Jakim’s director-general, Datuk Wan Mohamad Sheikh Abdul Aziz, was reported to have said, “The articles were also prejudicial and appeared to be reflective of the voice of a third party who had no understanding of Islam and similar to the western media’s approach.”

Others organisations which lodged reports against RPK were the Federal Territory Religious Department, Islamic Da’ Wah Foundation Malaysia and Federal Territory Islamic Council.

In response, RPK was reported to have said, “I couldn’t be bothered anymore if they call me anti-Islam, anti-Malay, anti-Umno… they can call me anti-God, if they want,”

While some claim that some cabinet members were shocked when they read the articles in question, some commenters on Malaysia Today seem to be of the opinion that the articles in question were not directed at the muslim population in general, but to a specific few.

In August this year, Minister in the Prime Minister’s Department, Datuk Seri Mohamed Nazri Abdul Aziz, was reported to have said that the government was duty-bound to preempt action jeopardizing the nation’s stability. He was quoted as saying, “In this country, it’s all about perception… Then nobody’s going to get angry. It’s not that you can’t discuss, but sensitive things, it’s better behind closed doors rather than openly,”

The past year has seen several defamation cases against, and sedition and criminal defamation investigations into, bloggers and Malaysian netizens. Investigations into these new police reports against RPK could lead to his detention without trial under Malaysia’s Internal Security Act 1962 (English / Bahasa Malaysia). Meanwhile, racial and religious resentment seems to be brewing in the nation.

It comes with little surprise that Malaysia’s ranking with in the Reporters Without Borders World Press Freedom Index has dropped from 92nd place in 2006 to 124th place in 2007. A recent survey by the Centre for Independent Journalism and the Merdeka Center found 87% of Malaysians polled desiring greater media independence. Meanwhile, Bloomberg reports that Credit Suisse has warned investors to stay away from Malaysia in her current climate.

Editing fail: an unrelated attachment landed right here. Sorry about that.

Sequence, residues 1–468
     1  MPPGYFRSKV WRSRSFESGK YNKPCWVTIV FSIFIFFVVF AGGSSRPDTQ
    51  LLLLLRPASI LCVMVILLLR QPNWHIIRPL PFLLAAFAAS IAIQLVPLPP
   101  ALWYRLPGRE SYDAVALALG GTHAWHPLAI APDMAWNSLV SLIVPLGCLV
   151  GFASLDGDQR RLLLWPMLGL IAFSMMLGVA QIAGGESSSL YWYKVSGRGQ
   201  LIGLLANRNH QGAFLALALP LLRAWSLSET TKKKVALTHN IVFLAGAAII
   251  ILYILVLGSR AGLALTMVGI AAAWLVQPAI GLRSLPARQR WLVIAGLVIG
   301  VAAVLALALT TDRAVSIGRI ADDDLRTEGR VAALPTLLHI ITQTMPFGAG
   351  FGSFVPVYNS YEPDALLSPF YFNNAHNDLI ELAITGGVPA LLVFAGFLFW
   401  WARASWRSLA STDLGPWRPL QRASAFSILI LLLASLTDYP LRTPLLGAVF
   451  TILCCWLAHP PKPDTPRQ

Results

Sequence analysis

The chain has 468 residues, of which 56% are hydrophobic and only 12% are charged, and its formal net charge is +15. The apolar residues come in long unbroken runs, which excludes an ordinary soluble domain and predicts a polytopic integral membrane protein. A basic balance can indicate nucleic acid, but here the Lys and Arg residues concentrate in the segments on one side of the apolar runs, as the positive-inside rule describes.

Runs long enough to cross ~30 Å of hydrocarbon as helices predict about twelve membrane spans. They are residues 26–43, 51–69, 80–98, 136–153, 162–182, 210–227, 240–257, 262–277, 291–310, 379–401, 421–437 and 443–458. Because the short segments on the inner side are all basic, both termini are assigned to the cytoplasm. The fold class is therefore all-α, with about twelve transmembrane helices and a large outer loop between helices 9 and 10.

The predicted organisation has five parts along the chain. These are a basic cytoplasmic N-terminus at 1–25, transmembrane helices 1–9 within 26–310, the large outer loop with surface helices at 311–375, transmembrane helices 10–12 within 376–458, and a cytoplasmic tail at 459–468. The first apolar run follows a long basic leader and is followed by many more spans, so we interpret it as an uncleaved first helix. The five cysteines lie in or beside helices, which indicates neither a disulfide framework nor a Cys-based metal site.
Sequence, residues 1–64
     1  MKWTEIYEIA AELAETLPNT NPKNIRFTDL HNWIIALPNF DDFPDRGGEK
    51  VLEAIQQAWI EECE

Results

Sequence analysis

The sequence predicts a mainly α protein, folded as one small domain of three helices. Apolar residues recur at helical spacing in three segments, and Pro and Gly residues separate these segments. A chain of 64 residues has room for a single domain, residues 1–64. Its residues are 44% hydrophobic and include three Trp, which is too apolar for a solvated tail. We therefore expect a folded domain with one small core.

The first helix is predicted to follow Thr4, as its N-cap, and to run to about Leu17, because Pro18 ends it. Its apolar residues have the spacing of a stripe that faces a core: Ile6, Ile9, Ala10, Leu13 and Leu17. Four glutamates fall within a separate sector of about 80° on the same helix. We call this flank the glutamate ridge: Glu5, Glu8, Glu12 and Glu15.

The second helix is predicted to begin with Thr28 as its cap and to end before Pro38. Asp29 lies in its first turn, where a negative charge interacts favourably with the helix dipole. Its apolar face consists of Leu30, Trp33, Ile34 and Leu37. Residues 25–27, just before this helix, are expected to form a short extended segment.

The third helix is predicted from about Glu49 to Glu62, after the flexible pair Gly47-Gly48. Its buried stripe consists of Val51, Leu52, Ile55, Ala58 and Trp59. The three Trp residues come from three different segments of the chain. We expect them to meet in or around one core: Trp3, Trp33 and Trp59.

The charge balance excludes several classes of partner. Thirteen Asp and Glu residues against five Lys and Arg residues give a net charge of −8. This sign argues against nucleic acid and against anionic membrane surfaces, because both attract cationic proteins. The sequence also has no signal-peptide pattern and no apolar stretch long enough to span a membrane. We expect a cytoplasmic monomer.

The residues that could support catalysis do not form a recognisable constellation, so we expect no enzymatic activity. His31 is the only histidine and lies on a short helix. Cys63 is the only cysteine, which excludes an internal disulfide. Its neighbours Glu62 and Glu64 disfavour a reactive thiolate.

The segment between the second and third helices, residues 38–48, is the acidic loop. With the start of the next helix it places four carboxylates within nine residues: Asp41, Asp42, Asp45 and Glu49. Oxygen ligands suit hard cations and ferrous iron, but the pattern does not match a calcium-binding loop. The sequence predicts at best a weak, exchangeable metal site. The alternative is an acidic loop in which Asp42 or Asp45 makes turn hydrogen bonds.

Many ignorant of independent media concept – By Syed Jaymal Zahiid

Malaysiakini | 04-Sept-2008 – News consumers are increasingly becoming aware of the media owners’ influence on news dissemination and hindrance to press freedom, an independent survey revealed today.

The survey, carried out by media watchdog Centre for Independent Journalism (CIJ) with opinion pollster Merdeka Centre, showed that 78 percent of those surveyed thought the rile of media owners affected media credibility.

The survey was conducted on 1,203 randomly selected respondents aged 21 and above.

“Thirty-nine percent identified the government and people or companies connected to the government as the owners of most media outlets.

“The survey also revealed that Malaysians were critically assessing the content of the local mainstream media, upon which the majority relied heavily as sources of information,” CIJ executive director V Gayathry told a press conference today.

The survey also revealed that only 35 percent of the respondents thought that the mainstream media were not reporting fairly.

Furthermore, only half of the respondents believed that the performance of the mainstream media according to six major indicators – ethical, variety of opinions included, variety of issues covered, objectivity, fairness and truthfulness- were met.

This, said Gayathry, reflected the poor confidence the public has on the credibility of the mainstream media due to its close affiliation with the government.

For democracy to function properly, media freedom advocates like CIJ and others have always called for a clear separation between media organisations and the state.

“And media organisations must also learn to create their own code of conduct that is based on just and fair reporting and not place the burden of media reform totally on the government,” added Gayathry.

Govt or media responsible for media freedom?

The CIJ executive director was referring to the survey’s finding that indicated the public’s mixed views on who can carry out media reforms.

In the survey, two-thirds had the impression that improving greater media independence was out of their hands while 35 percent felt that the government played the most important role.

“Such sentiment matched even those from the Malaysian Bar, when during the Walk for Press Freedom event in June, its Human Rights Committee responded to Law Minister Zaid Ibrahim by saying the state bears the primary burden of removing laws that have impinged freedom

“The statements were also introduced by itself as a retort to Zaid’s earlier statement that it was part of the press’ responsibility to conduct reforms within industry,” read the survey.